The Prosecutor of the International Criminal Court continues to argue that ‘genocide by attrition’ is taking place in Darfur. But the judges of the Pre-Trial Chamber, in the arrest warrant decision, found that the facts he presented were not entirely credible, and relied instead on reports from the High Commissioner for Human Rights that presented a more subdued image. As recently as two months ago, I heard the former Canadian justice minister Irwin Cotler calling for US military intervention in Sudan in order to stop the ‘ongoing genocide’.
Well, look what came in on the wire this morning, from the Washington Post:
UNITED NATIONS, June 17 -- President Obama's special envoy to Sudan, retired AirFor the whole story, see: http://www.washingtonpost.com/wp-dyn/content/article/2009/06/17/AR2009061703491.html.
Force Maj. Gen. J. Scott Gration, said Wednesday that the Sudanese government is
no longer engaging in a "coordinated" campaign of mass murder in Darfur, marking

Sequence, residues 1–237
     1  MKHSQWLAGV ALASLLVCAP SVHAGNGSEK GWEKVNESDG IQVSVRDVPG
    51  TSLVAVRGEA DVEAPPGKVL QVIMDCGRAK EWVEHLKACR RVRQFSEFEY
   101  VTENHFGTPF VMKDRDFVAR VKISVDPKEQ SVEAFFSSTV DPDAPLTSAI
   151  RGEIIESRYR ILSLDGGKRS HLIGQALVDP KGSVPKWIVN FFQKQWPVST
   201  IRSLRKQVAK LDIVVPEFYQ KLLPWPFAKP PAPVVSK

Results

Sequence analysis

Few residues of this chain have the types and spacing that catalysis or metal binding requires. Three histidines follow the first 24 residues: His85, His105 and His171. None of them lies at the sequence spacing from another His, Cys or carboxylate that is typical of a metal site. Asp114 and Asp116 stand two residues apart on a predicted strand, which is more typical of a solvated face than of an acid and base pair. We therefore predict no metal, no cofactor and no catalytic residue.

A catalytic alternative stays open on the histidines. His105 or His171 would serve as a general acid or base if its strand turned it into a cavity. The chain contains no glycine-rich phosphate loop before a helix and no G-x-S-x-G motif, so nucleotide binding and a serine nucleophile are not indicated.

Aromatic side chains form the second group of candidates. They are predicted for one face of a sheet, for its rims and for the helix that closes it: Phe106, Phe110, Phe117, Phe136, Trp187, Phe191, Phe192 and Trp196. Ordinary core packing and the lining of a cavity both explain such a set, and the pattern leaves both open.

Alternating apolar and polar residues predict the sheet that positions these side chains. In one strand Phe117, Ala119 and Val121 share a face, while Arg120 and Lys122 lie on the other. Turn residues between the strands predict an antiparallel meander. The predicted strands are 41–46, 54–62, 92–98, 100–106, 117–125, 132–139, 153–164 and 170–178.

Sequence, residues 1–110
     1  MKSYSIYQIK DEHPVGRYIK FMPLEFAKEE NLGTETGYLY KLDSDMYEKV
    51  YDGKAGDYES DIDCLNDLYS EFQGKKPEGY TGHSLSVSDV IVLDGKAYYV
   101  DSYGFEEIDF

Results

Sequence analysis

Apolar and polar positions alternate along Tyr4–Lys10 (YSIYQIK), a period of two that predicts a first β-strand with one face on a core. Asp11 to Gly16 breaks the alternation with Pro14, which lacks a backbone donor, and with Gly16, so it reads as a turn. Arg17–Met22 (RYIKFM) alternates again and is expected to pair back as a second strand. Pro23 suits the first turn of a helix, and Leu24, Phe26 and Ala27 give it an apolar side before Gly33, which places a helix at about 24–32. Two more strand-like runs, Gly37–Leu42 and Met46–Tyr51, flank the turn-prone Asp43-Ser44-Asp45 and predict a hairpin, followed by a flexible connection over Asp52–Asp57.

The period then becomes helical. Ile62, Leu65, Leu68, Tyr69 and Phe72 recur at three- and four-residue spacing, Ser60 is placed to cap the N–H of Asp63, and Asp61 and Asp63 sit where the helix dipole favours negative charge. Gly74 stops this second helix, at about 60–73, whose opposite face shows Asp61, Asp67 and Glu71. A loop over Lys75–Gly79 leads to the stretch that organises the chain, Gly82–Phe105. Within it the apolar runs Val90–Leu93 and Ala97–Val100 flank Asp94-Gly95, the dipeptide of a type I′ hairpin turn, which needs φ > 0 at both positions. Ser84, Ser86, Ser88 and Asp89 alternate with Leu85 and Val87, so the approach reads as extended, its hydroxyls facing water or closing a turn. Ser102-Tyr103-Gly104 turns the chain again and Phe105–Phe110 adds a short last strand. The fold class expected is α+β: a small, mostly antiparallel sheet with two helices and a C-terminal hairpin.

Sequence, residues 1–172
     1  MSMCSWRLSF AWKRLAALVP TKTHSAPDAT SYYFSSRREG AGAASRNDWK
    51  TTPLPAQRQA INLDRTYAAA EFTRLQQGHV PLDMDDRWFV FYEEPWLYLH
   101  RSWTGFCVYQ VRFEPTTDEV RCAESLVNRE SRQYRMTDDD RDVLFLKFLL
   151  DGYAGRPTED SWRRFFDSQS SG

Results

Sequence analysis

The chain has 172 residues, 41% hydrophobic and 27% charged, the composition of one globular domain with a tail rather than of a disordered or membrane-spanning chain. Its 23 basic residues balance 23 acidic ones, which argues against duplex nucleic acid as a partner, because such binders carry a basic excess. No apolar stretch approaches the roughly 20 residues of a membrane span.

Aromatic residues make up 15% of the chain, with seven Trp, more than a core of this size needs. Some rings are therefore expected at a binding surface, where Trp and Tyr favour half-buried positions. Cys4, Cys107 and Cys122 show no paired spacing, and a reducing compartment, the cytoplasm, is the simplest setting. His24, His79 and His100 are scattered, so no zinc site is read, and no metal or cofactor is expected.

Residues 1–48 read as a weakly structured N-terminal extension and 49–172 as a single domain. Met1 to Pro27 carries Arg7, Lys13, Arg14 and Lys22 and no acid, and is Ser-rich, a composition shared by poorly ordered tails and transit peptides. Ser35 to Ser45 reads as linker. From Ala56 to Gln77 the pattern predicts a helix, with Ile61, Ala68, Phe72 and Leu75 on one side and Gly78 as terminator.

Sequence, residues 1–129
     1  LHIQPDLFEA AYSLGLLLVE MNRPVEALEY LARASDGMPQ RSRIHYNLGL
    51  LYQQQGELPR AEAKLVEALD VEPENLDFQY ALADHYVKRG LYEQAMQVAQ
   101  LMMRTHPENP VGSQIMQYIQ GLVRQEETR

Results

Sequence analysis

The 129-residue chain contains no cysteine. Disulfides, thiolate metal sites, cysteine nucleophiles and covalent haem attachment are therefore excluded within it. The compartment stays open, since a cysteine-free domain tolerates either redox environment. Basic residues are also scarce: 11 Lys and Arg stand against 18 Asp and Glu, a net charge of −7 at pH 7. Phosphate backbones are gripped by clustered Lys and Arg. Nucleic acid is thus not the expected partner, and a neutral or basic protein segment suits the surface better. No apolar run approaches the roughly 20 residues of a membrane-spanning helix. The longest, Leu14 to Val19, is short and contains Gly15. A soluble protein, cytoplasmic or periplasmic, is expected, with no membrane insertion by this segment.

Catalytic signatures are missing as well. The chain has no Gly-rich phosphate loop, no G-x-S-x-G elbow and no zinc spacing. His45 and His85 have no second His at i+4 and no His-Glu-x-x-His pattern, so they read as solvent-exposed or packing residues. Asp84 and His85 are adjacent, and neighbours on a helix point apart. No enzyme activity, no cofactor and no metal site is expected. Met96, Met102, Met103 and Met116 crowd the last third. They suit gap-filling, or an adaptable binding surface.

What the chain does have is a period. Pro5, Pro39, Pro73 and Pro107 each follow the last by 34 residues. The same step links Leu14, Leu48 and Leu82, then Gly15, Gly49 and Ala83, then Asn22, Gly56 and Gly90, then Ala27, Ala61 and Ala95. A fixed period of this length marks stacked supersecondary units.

a shift in the U.S. characterization of the violence there as an "ongoing
"What we see is the remnants of genocide," Gration told reporters
at a briefing in Washington. "The level of violence that we're seeing right now
is primarily between rebel groups, the Sudanese government and . . . some
violence between Chad and Sudan."
Gration's remarks come as the Obama
administration is finishing a review of its Sudan policy. The comments appeared
to expose an emerging rift between Gration and Susan E. Rice, the U.S.
ambassador to the United Nations, who accused the Sudanese leadership of
genocide as recently as two days ago.
My own inquiries into this, especially with the Office of the High Commissioner for Human Rights, indicate that probably fewer than 1,000 civilians or non-combatants have been killed as a result of State or State-sponsored violence in the past year. In other words, quite possibly more civilians were killed in Gaza in one month by the Israeli Defence Forces than in a year by the Sudanese army. More Sri Lankan civilians were killed by government forces in a week than in a year by the Sudanese army. Why aren’t the humanitarian hawks calling for US military intervention in Israel?